Hurricane Dorian is a monster, no doubt about that. It packs intense Category 5 winds and a massive storm surge, producing devastation as it tracks over the northern Bahamas. It has so far peaked at 909 mbar central pressure and 185 mph (298 km/h) peak sustained winds. But where does Dorian fit in the larger picture – how does it compare with other great Atlantic hurricanes and other great tropical cyclones?
CAT5 Hurricane Dorian approaching the Bahamas on September 1, 2019. Image: NOAA GOES-16 IR / Vis.
There have been five Category 5 hurricanes in four years – Dorian being the latest
There have been 5 CAT5 hurricanes in the last four years. Hurricane Matthew was the first Atlantic CAT5 since 2007, peaking at 165 mph and 934 mbar on October 1st, 2016. Hurricane Irma pushed to 180 mph sustained winds and 914 mbar central pressure on September 7, 2017. It was followed by Hurricane Maria, which hit 175 mph and 908 mbar on September 19. Maria devastated Puerto Rico and became the third-costliest tropical cyclone on record at the time. Hurricane Michael hit CAT5 with 160 mph and 919 mbar, making a devastating landfall in the Florida panhandle on October 10, 2018. Hurricane Dorian is the latest Atlantic CAT5.
Four straight years.
Five category five hurricanes.
Five incredible eyes. pic.twitter.com/LeD1nnbRZb
— Dakota Smith (@weatherdak) September 1, 2019
Strongest Atlantic hurricane at landfall on record
According to the National Hurricane Center, Dorian ties with the 1935 Labor Day hurricane for the strongest sustained winds at landfall with 185 mph (298 km/h). Dorian reached peak winds at second landfall on Great Abaco Island (Bahamas) near Marsh Harbour at 18h UTC on September 1st.
Surface weather analysis of the 1935 Labor Day hurricane on 4 September 1936. Image: NOAA Central Library, Silver Spring, Maryland – NOAA Central Library Data Imaging Project.
Compared to devastating Hurricane Katrina in 2005
Infamous Hurricane Katrina, the CAT5 that devastated New Orleans in 2005, produced peak winds of 175 mph, compared to Dorian’s 185 mph. It did produce a lower central pressure, at 902 mbar, compared to Dorian’s 909 mbar. Hurricane Katrina was a much larger system than Dorian.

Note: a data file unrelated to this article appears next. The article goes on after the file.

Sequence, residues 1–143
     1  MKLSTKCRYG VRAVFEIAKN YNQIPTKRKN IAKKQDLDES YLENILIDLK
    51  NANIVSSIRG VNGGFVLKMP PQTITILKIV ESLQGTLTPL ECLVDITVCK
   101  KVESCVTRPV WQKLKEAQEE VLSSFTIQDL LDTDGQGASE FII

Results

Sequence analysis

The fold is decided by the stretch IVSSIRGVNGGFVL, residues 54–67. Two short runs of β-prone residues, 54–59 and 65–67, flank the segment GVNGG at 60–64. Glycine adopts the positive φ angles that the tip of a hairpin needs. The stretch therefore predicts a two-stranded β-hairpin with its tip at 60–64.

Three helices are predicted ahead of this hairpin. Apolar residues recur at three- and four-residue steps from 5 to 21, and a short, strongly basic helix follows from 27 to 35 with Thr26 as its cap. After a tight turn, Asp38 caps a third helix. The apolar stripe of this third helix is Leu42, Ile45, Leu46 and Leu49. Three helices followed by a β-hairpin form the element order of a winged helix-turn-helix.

Hurricane Katrina in NOAA GOES-EAST imagery late on August 28, 2005 while tracking northwards towards New Orleans. Image: NOAA GOES-EAST.
Compared to the most powerful typhoons on record
Comparisons with typhoons are always difficult, as there is not nearly as much data on typhoons as there is on hurricanes. We compare Dorian to Super Typhon Haiyan (2013) and Meranti (2016). The two are tied for the highest recorded 1-minute sustained wind speeds at 195 mph (315 km/h) – significantly stronger than Hurricane Dorian. There have likely been even significantly stronger super typhoons than Haiyan and Meranti: Super Typhoon Ida (1958) for example, with a minimum pressure of 877 mbar, likely produced 200 mph (325 km/h) sustained winds. Other poorly recorded super typhoons may have been even stronger.
Super Typhoon Meranti on September 13, 2016. Image: NOAA-NASA / RAMMB/CIRA.
Compared to Hurricane Patricia, current record holder for highest recorded sustained winds in a tropical cyclone
CAT5 Hurricane Patricia explosively intensified into the most intense tropical cyclone on record in the western Pacific, off western Mexico. It reached 872 mbar central pressure and the current record 1-minute sustained wind of 215 mph (345 km/h) on October 23, 2015 – a substantially stronger hurricane than Dorian. It did, however, peak over open waters and did not affect land while at this strength.
CAT 5 Hurricane Patricia displaying a tight pinhole eye near peak strength on October 23, 2015. Image: NASA Terra / MODIS.